Saturday Is Gone & Review: The Pocket Book Of Arsenal
The morning after the Saturday before brings little relief from gloom and despondency in some quarters. As I mentioned in yesterday’s post, one result in November a season does not make. Well, unless you are eternally pessimistic which surely makes following any football club an entirely pointless exercise; the bedrock of support at any level is hope. To give up so soon is beyond me.
That is not to deny that the performance was not good enough on Saturday. Some perspective though may be needed. Sunderland drew with a below par Manchester United at Old Trafford and beat an equally below par Liverpool not long ago. Arsenal will have been aware of those results and should have been at their best, aware of the consequences of failing to meet their own standards.
The media reaction exacerbates moods. Chelsea put four past an inept Wolves and are deemed to be world-beaters on that basis, hacks ignoring Arsenal’s win at Molineux. I am not complaining of media double standards since that is all we expect from them. Or should do. A little more independent thought ought surely to put Saturday in the wider sense of a run of games, rather than isolation. If defeats form that run then there is unquestionably a problem. If it is a blip on an otherwise unbeaten spell, is there real cause for concern? Tomorrow and Sunday will give answers to those points.
Having lambasted the performance, the usual sideshows begin with Lionel Messi believing Cesc will be the best midfielder in the world within three years of joining Barcelona, essentially telling Cesc he is crap but Barca can make him better, an unusual tactic in trying to tempt someone to join your employers. Crazy.
Kolo Toure is doing an Adebayor but in a more understated manner, telling the world that there was one person he did not get on with at the club, failed to have an on-the-pitch relationship with and that player denied him playing time since he had the manager’s ear. Still no names but it is pretty safe to assume that it was Cesc…Perhaps KT ought to look at his own form before pointing the finger at others as a reason for his absences, as well as injuries because as I recall, Toure played pretty much all of the time that he was fit.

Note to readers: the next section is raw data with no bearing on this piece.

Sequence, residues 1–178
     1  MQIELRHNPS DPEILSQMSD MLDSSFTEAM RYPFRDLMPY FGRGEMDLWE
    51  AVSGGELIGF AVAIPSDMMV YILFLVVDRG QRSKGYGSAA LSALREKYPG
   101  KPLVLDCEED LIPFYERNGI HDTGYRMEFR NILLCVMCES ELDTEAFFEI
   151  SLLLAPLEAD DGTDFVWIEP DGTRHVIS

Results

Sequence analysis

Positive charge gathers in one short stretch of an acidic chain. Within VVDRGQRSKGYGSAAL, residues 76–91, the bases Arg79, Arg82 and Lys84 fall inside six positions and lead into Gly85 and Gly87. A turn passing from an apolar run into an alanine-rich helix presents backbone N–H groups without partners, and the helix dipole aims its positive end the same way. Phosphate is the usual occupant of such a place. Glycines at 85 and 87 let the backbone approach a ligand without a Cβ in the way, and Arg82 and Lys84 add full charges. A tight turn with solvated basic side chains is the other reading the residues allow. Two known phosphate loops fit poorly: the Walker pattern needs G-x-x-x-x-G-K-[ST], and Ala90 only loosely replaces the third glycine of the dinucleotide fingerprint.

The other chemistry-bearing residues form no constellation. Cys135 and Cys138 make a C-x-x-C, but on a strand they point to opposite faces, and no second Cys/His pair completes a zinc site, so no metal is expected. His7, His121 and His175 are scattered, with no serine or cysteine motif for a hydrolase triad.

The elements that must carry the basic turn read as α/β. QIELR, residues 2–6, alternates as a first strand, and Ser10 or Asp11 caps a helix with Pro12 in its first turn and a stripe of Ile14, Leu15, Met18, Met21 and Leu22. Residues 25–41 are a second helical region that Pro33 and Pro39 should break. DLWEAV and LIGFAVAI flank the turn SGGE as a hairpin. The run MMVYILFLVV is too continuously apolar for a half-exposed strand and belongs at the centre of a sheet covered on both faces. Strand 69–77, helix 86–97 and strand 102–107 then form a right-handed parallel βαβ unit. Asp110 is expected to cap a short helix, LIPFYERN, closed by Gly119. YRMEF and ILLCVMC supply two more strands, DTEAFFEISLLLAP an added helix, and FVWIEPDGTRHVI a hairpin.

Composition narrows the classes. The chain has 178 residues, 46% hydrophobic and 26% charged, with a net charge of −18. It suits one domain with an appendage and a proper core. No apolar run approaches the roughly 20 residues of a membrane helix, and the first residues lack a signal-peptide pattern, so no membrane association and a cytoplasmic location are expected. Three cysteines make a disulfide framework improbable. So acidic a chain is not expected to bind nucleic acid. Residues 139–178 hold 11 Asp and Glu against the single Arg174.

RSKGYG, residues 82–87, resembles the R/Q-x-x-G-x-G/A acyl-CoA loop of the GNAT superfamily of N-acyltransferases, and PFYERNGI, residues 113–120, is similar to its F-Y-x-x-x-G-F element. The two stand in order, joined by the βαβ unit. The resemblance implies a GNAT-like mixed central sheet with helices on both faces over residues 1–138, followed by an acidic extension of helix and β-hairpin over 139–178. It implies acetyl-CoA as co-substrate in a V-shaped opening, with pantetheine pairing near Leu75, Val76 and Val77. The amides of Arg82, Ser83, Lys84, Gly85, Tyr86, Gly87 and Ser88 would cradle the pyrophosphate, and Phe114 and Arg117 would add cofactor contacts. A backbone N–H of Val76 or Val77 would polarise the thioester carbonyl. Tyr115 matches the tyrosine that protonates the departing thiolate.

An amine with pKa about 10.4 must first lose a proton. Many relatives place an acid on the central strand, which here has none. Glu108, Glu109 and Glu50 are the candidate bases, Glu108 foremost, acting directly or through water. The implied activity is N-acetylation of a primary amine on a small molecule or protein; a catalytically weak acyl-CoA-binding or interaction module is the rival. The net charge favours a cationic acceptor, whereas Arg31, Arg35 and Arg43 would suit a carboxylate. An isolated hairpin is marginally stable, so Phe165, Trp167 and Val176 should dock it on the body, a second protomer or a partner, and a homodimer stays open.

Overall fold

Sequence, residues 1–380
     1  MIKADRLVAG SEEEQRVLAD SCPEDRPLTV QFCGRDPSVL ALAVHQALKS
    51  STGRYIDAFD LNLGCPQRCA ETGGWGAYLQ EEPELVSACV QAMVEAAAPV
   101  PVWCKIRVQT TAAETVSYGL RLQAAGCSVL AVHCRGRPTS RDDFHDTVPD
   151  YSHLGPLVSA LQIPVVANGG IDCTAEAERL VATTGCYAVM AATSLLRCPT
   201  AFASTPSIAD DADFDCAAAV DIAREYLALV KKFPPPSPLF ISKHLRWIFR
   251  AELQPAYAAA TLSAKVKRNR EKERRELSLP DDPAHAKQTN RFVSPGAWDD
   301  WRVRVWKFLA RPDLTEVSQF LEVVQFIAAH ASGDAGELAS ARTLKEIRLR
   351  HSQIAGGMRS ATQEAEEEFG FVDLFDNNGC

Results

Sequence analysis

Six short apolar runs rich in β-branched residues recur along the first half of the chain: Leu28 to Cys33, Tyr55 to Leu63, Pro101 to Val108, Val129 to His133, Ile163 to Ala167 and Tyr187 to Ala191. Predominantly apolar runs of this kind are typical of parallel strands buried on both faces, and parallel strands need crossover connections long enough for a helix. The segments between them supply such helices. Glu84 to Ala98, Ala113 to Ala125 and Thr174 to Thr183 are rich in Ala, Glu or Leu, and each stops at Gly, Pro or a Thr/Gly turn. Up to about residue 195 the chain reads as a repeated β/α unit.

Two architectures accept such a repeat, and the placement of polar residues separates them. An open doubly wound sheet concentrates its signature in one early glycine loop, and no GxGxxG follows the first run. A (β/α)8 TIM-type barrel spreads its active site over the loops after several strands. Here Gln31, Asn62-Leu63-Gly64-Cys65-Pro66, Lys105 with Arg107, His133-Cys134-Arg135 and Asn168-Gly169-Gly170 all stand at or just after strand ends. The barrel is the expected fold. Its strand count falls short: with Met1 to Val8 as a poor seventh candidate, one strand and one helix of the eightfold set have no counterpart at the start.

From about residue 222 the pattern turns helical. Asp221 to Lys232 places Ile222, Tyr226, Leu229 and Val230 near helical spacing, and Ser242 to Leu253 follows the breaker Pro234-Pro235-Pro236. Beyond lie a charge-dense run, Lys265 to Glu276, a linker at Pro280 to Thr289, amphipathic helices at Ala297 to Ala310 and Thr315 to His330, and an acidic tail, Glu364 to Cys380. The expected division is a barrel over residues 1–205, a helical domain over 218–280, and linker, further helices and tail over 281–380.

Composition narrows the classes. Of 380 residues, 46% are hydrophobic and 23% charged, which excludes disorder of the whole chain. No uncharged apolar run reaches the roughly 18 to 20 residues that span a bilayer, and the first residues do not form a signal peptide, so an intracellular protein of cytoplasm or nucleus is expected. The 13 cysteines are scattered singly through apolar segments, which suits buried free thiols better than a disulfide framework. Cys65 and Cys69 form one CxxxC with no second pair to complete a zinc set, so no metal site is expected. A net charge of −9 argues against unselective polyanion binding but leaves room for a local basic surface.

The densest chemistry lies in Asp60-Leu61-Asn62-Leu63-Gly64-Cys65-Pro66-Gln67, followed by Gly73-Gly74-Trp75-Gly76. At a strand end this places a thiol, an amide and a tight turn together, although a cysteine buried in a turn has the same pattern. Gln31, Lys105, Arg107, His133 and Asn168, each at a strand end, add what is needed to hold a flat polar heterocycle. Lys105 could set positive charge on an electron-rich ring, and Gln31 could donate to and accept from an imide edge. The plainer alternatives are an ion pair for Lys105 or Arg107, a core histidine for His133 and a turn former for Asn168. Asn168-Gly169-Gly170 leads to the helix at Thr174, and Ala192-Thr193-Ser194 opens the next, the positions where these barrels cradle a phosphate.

Anway onto brighter things and a Christmas item for your ponderance:
The trivia market is saturated with Arsenal books, the number increasing each year. It is refreshing to have a small book about Arsenal that is not focussed on the weird and wonderful but instead a mini history of the club. Published in a style that covers just about every football magazine since the 1940s, the book bridges the gap between the youth and adult markets quite nicely, steering clear of twee without being too intellectual. A book for the masses.
The book is nicely sectioned rather than being a straightforward run through of the club’s existence, no-one era getting greater importance in the timelines, 1886-1924 being given as much attention as 1925-65, 1996-95 and 1995-2009. Within each segment, the important events are outlined with depth given where necessary.
Nestling comfortably between these chapters are histories of the club crest, The Invincibles, stadia, important goals in the club’s history, managers, tactics used in winning trophies and memorable matches, including the Battle of Highbury, 1934s encounter between the then World Champions, Italy, and England, who at that time deemed participating in such trivalities as a World Cup as beneath them. Forty years later, such things would be beyond them.
This is the perfect introduction to Arsenal Football Club for young and old, both may enjoy the comic strip reminiscent of Roy of the Rovers magazine. A worthwhile Christmas stocking present and a nice accompaniment to The Official History. You can purchase the book herePocket Book of Arsenal, The